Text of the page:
It’s 15 minutes until their shift is over and they’re headed back to the Border Patrol station in El Paso. Darryl Rambo (yes, that is his name) and his partner that day, Tough Boy Sanchez, are trying not to notice anything anywhere, simply concentrating on getting back to the station without any trouble.

Darryl is slouched down in his seat, doing his best to be invisible to the world.

“A car pulls up in the right lane next to us. It’s hard not to notice that beat-up right front fender and the right front tire that’s as smooth as a baby’s behind. I let my tired eyes wander back across the lines of that vintage model Chevy, still not paying much attention, but thinking it really is a mess. There are three guys in the car. As my eyes pass over the driver, I notice that he is Hispanic, hasn’t shaved for about a week, has long black stringy hair that hasn’t seen a comb since the day that car was new and he is ugly. I mean UGLY! He has a mean, surly look on his face, and the middle finger of his left hand is extended toward me in that time-honored salute. He punches it; with tires smoking he goes right through that red light.”

One more time they are going to be a little late home to dinner, but on the other hand, Darryl ends up with another great story for his book — A Life on the Line, Stories of Service in the Border Patrol.

First, a quick explanation of the name Rambo. Sylvester Stallone took the name John Rambo off the Vietnam Wall and John’s parents were upset about it. John Arthur Rambo was Darryl’s cousin, who was not like the Rambo in the movies. “We used to call him Artyboy,” said Darryl.

Darryl is a Montana man, born and raised on a farm near Havre. The oldest of four brothers and a sister, life was quite good for Darryl. He loved the farming. Raising wheat, then barley and oats, they would grow it six months and be off six months during the winter and he enjoyed his work. Though working with cows at various times of his life, he was raised on goat milk because of an allergy to cow’s milk.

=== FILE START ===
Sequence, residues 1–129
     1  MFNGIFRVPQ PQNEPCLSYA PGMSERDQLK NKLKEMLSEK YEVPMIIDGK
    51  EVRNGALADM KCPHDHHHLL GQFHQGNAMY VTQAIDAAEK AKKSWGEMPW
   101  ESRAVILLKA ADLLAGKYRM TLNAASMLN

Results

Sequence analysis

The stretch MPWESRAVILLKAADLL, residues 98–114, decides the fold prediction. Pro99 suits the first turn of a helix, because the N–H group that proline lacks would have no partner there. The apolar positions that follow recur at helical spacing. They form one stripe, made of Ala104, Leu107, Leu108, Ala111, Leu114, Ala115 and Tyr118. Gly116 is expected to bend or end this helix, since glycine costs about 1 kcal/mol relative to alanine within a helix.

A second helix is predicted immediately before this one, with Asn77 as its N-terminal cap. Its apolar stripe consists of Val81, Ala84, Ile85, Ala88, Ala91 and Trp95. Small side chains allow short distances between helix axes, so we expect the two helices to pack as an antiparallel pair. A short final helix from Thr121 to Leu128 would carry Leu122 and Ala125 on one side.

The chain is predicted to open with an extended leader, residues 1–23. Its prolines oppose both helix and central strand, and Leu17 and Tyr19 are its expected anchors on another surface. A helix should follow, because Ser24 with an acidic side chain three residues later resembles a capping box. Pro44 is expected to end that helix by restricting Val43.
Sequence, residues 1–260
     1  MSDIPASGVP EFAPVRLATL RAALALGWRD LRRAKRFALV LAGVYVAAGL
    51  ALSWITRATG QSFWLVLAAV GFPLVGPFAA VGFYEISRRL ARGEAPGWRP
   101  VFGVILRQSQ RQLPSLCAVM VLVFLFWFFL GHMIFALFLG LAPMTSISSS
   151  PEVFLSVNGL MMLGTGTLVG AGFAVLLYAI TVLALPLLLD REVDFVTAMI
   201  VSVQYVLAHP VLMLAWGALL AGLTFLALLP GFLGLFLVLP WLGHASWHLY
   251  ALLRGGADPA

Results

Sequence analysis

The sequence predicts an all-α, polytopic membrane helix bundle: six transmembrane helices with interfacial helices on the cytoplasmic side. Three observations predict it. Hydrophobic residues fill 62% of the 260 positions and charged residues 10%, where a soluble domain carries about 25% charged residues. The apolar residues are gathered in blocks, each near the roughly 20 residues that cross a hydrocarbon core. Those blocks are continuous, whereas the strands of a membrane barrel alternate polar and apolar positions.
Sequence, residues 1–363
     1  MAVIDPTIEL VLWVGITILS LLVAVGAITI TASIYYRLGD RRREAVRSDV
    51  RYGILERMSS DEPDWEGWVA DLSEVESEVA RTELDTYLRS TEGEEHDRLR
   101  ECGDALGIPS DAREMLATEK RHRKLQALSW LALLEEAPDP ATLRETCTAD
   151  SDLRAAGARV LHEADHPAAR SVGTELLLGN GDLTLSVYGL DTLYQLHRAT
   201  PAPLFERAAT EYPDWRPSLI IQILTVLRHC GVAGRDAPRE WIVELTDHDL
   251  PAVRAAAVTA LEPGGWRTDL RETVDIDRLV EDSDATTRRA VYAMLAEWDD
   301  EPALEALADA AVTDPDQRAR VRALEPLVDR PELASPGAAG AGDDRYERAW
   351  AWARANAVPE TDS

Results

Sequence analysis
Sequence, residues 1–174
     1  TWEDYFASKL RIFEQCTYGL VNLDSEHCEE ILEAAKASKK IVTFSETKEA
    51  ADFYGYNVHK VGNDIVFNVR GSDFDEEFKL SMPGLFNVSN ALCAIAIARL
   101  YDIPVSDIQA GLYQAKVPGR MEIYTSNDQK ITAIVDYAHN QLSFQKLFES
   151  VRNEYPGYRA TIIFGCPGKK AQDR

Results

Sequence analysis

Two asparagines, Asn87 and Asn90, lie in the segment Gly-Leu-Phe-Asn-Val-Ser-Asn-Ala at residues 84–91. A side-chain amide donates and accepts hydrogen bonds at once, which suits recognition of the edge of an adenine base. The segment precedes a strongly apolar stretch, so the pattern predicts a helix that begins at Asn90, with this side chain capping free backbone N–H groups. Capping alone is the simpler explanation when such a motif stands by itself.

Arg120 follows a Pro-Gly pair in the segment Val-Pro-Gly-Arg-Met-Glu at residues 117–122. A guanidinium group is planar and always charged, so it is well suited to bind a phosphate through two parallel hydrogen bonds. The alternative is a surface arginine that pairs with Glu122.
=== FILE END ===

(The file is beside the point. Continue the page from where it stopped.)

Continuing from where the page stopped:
High school found him playing basketball, baseball, and waterskiing.

“I like to do sports but I didn’t like to watch it,” he said.

It was when he married the wrong woman — according to his family — that life changed. Jackie had four children when Darryl married her.

“She was a beautiful lady,” said Darryl. “Just wonderful. After 10 years with breast cancer, she died.”

That was after 23 years of marriage, 10 years of which Darryl was a Border Patrol agent in El Paso, which is what this book is written about.

After leaving the farm and marrying Jackie, Darryl began the search of where he belonged and what he could do to raise his family.

He tells the story of being a trucker with his own rig until a fateful night when a gumbo road made another dramatic change in his life. Gumbo, it appears, is quite slimy and slippery when wet. The rest of the story is in — yes, the book!

Becoming a Border Patrol agent was no easy task back then — over 30 years ago. As he followed his path it became full of trees for around three years — lots of big Lodge Pole Pine.

“They call them Lodge Pole Pine because they don’t have any limbs all the way to the top and then they have a little tuft. The Indians use them for lodge poles,” said Darryl. A timber faller is what Darryl had become. After being thrown across the air by his first tree, making his broken ribs from the gumbo road accident feel as if a knife had gone through his body, he got up and went home.

Never a quitter, Darryl becomes a top timber faller before he got a mysterious looking note asking if he is still interested in becoming a Border Patrol agent.

His book is written with an easy flowing feel to it, almost as if he’s sitting in your living room telling you his stories over a cup of coffee or a beer. With a sense of humor and forthrightness he brings to life those characters he encounters over the years — people like Crazy Mary, another agent with a grand sense of humor — Joe Griffin, an orangutan, a Siamese cat and a German shepherd dog and many more.

Thanks to his wife, Lily Majors, Darryl published his story after it stayed on his computer for a long time. On Saturday, March 7, from 2 to 4 p.m. he will have a book signing at Barnes and Noble on N. 10th Street.

If there has ever been a back door into the Border Patrol agent’s life, this is the key to getting there. Don’t worry about wanting more at the end of the read. Darryl already is working on his next book — all about his years as a pilot with the BP here in McAllen — Life Over the Line!

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